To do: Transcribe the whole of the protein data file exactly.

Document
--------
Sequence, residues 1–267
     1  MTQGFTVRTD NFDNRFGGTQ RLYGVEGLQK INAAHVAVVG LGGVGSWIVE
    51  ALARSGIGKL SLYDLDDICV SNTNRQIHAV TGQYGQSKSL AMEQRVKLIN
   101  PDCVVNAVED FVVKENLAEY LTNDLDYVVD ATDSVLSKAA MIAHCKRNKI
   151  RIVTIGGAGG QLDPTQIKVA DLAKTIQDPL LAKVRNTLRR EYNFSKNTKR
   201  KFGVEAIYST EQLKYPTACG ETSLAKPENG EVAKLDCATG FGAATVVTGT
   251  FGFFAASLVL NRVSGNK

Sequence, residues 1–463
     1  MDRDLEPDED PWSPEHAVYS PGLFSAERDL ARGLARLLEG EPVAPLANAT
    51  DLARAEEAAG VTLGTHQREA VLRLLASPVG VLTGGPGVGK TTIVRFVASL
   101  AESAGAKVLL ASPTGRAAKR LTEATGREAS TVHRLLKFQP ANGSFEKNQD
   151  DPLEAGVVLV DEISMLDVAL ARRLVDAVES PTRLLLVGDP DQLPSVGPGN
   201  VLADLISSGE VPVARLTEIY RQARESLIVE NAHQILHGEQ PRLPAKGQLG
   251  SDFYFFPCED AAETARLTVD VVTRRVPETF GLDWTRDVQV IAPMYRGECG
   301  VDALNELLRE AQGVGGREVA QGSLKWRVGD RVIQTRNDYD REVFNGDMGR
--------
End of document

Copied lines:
Sequence, residues 1–267
     1  MTQGFTVRTD NFDNRFGGTQ RLYGVEGLQK INAAHVAVVG LGGVGSWIVE
    51  ALARSGIGKL SLYDLDDICV SNTNRQIHAV TGQYGQSKSL AMEQRVKLIN
   101  PDCVVNAVED FVVKENLAEY LTNDLDYVVD ATDSVLSKAA MIAHCKRNKI
   151  RIVTIGGAGG QLDPTQIKVA DLAKTIQDPL LAKVRNTLRR EYNFSKNTKR
   201  KFGVEAIYST EQLKYPTACG ETSLAKPENG EVAKLDCATG FGAATVVTGT
   251  FGFFAASLVL NRVSGNK

Sequence, residues 1–463
     1  MDRDLEPDED PWSPEHAVYS PGLFSAERDL ARGLARLLEG EPVAPLANAT
    51  DLARAEEAAG VTLGTHQREA VLRLLASPVG VLTGGPGVGK TTIVRFVASL
   101  AESAGAKVLL ASPTGRAAKR LTEATGREAS TVHRLLKFQP ANGSFEKNQD
   151  DPLEAGVVLV DEISMLDVAL ARRLVDAVES PTRLLLVGDP DQLPSVGPGN
   201  VLADLISSGE VPVARLTEIY RQARESLIVE NAHQILHGEQ PRLPAKGQLG
   251  SDFYFFPCED AAETARLTVD VVTRRVPETF GLDWTRDVQV IAPMYRGECG
   301  VDALNELLRE AQGVGGREVA QGSLKWRVGD RVIQTRNDYD REVFNGDMGR